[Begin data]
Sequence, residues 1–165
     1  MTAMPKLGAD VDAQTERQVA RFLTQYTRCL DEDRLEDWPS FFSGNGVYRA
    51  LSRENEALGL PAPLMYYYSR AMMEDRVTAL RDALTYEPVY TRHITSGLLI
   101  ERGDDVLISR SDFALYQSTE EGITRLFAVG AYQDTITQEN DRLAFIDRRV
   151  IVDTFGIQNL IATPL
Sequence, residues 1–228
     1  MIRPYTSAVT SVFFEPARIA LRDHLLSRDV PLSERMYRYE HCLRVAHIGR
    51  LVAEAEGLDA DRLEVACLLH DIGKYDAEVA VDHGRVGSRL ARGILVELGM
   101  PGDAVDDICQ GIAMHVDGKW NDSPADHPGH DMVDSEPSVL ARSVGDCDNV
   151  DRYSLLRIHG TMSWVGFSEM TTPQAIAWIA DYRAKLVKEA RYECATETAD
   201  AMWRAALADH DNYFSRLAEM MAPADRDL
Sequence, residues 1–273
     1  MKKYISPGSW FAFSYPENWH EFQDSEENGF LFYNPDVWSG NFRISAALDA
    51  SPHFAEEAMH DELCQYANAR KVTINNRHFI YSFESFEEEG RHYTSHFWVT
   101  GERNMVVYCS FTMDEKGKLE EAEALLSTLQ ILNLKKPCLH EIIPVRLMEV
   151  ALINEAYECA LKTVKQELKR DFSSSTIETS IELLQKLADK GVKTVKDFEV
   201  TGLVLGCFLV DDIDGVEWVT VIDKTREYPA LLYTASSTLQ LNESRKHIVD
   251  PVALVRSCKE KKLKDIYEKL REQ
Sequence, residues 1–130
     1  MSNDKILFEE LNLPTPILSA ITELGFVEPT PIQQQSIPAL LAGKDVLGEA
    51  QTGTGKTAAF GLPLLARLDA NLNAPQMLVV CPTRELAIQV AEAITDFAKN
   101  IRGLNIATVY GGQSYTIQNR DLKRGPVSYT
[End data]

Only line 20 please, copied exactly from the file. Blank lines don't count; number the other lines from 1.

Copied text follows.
     1  MSNDKILFEE LNLPTPILSA ITELGFVEPT PIQQQSIPAL LAGKDVLGEA